Our impressions of the Samsung Galaxy Note did not change much from the hands-on experience at its World Tour in Southeast Asia a month ago. It is, and will remain, a phone that either you love or hate.
For people who are likely to own the Samsung Galaxy Note, the biggest draw factor should be the beautiful 5.3-inch HD Super AMOLED display. Having the largest display ever on a smartphone, the level of multimedia viewing experience has no equal. You could almost be mistaken for having a portable media player device instead of a smartphone. Additionally, users have more real screen estate to work with. Thanks to its split screen operation capability, you can maximize your work on the Galaxy Note without going through the hassle of switching between applications.
The S Pen is a neat addition to the overall package of the Galaxy Note. Although the stylus concept is considered dated in the era of touchscreen devices, the S Pen offers some degree of functionality that warrants its existence. For example, you can take screenshot when pressing and hold the S Pen on the screen. Another handy use of the S Pen is activating the S Memo on any screen or app you are on to take down some quick notes. Using the S Pen to jot down quick notes is definitely faster than typing on the virtual keyboard.
The hardware specs of the Samsung Galaxy Note are easily one of the best among Android smartphones today. The lightning fast 1.4 GHz dual-core processor and 1GB of RAM offers an almost flawless user experience on the Galaxy Note, as evident with no signs of slowdown or processing lag on most occasions. Its 2500mAh battery is able to provide you with plenty of juice to get through at least a day and a half without breaking a sweat.
Ironically, the same draw from its massive screen is a double-edged sword, which serves to turn people away with its wide dimensions. Unless you place a privacy screen film, it is highly likely that prying eyes will be drawn in to see what you are doing on the Galaxy Note, even if it is only an accidental glance while checking out the gorgeous screen. Screen size aside, the Galaxy Note is a tough device to handle, especially if you have smaller hands. It is not entirely impossible to hold the Galaxy Note in one hand but you will not be able to use the phone comfortably. Having said that, the Galaxy Note is best used with two hands and it is designed to be done so. The annoyance will arise in tricky situations such as answering a call on the phone when your other hand is occupied. As such, practicality to handle this large smartphone is yet another trait one should consider before splurging.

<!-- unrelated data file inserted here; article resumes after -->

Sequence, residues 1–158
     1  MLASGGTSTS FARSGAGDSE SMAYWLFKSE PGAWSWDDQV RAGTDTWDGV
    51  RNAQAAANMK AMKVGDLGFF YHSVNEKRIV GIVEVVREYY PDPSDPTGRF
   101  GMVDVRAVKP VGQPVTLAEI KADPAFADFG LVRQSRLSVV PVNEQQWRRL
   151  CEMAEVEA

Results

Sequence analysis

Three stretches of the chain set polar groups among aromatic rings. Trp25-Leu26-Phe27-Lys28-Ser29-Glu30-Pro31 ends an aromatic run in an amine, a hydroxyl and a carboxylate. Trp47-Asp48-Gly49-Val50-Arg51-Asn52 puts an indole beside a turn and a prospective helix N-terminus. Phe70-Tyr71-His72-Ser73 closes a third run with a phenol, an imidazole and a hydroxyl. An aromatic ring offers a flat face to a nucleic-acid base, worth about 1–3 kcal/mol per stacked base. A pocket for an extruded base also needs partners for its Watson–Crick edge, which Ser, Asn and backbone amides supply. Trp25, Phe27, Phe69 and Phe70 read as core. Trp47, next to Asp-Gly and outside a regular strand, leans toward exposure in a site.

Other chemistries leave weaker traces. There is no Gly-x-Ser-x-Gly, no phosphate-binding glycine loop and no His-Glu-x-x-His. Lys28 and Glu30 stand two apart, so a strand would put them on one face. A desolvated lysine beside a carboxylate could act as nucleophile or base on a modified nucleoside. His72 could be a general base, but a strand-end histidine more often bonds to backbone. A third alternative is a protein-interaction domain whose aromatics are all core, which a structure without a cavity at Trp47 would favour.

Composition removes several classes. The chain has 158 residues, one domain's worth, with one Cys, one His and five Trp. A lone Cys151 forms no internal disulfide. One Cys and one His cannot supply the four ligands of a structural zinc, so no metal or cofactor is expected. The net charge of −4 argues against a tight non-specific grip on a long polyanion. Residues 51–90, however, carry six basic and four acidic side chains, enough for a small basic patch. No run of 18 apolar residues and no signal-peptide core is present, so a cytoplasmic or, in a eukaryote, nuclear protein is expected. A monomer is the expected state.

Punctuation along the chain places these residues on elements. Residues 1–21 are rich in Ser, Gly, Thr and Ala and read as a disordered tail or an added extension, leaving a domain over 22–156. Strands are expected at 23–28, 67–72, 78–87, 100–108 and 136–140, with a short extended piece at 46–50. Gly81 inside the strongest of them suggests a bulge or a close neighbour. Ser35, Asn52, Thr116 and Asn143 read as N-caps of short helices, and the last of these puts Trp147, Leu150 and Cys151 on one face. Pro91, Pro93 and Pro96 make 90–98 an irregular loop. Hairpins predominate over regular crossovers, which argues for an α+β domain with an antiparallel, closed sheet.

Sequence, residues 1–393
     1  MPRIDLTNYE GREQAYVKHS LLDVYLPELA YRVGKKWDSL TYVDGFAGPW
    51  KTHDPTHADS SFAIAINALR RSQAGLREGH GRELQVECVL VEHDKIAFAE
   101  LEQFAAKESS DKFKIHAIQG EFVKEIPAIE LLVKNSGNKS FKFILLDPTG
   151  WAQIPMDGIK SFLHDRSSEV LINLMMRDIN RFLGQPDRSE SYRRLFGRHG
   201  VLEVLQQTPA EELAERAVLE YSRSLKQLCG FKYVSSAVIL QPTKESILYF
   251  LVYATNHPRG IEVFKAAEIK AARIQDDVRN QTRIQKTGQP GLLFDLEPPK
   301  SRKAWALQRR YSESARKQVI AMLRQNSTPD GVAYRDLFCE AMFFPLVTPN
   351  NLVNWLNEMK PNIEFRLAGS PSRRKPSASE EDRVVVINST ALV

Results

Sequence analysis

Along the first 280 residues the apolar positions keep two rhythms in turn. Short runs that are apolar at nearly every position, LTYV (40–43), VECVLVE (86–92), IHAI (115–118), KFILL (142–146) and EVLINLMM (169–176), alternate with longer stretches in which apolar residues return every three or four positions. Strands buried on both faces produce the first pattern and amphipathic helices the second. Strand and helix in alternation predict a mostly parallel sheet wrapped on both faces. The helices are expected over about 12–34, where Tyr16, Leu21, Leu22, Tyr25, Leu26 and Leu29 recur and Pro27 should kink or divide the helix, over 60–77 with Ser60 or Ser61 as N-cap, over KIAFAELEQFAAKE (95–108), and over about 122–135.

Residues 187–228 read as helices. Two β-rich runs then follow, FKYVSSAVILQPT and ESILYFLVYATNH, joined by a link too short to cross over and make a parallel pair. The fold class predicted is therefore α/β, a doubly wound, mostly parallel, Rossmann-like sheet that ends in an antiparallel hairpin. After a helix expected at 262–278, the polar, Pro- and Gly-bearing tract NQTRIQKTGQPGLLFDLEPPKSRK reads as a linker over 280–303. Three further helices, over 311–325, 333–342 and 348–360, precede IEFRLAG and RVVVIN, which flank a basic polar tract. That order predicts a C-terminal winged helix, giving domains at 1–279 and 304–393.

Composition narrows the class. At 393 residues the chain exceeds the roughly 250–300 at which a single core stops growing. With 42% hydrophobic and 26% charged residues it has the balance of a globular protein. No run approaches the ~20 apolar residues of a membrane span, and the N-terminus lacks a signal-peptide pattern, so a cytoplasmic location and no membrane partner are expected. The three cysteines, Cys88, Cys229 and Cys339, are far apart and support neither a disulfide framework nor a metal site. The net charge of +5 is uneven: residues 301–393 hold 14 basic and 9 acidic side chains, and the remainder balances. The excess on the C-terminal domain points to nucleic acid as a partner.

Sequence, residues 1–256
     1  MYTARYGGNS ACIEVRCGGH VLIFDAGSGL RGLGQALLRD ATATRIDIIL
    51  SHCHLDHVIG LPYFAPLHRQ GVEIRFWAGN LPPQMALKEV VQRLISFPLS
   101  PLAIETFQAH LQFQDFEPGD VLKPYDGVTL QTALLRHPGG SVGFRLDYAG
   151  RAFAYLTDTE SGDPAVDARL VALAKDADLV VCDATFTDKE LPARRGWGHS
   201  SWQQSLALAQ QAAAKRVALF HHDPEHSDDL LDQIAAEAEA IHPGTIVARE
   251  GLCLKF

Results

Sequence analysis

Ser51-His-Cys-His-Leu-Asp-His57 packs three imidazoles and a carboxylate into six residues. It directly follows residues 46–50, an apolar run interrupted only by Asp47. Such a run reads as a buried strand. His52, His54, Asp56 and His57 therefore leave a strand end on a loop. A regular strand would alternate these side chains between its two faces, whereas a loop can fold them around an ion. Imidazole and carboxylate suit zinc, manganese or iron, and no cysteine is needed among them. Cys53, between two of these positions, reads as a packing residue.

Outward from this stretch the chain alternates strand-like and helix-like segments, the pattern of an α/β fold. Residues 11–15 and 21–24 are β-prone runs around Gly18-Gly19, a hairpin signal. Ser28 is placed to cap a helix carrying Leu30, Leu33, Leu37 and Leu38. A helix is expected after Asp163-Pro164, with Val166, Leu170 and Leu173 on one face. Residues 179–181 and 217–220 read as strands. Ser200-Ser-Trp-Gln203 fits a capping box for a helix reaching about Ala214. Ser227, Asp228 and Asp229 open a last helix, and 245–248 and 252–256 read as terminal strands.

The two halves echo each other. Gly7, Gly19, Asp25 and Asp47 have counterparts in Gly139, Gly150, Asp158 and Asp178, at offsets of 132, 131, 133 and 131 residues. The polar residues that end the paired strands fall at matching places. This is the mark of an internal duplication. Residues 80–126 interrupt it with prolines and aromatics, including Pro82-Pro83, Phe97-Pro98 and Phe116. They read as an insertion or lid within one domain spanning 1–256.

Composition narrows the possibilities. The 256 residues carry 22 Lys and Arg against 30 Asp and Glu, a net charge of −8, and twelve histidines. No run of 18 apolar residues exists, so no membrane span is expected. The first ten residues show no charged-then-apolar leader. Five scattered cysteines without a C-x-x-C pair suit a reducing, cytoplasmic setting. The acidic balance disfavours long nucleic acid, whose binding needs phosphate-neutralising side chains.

The Samsung Galaxy Note is available now at a recommended retail price of S$998. Compared to the HTC Sensation XL (S$908), you definitely get a better deal with the Galaxy Note when you consider how it performs much better against the Sensation XL. A bigger (and better) screen along with superior battery performance are more than sufficient reasons to woo prospective buyers over to Samsung's camp (unless of course the physical size difference becomes the limiting factor). Performance-wise, both phones offer similar user experience although you can better future-proof your purchase with the dual-core Galaxy Note.
What about its smaller rivals like the Motorola Razr and Samsung Galaxy S II? Well, if you are looking for a portable and sturdy smartphone, you can't go wrong with the S$888 Motorola Razr although you have to live with its sluggish user interface. The S$998 Samsung Galaxy S II is a reasonable alternative if you are looking for all-rounded performance on a smartphone but do not require the extra screen estate and S Pen. Moreover, you can easily get the Samsung Galaxy S II at a lower price now since it is already available in the market for a few months.
The main question on everyone's mind, is whether the Samsung Galaxy Note can replace a tablet. Theoretically, the Galaxy Note matches most of the hardware aspects of tablets - a dual-core processor, 1GB of RAM and big battery capacity. In reality however, the Galaxy Note isn't a tablet replacement.
The lack of a tablet-optimized operating system gives you the feeling that you are using an oversized phone, which is a serious flaw in the original Galaxy Tab. The promised Android 4.0 update for the Samsung Galaxy Note may change things for the better, but we shall reserve our comments till then. In addition, the 5.3-inch display of the Galaxy Note is still unable to replicate the same user experience of a tablet in areas such as e-reading and watching movies. Put simply, you are looking at a device that performs extremely well in the areas expected of smartphones today like web browsing and indulging in some gaming apps.
Will the Samsung Galaxy Note fare better than the Dell Streak? We certainly think so. The solid performance and beautiful display won us over. The phone also seems to have a growing list of followers on our forums. To find out what other Galaxy Note users feel about the phone, check out its thread here.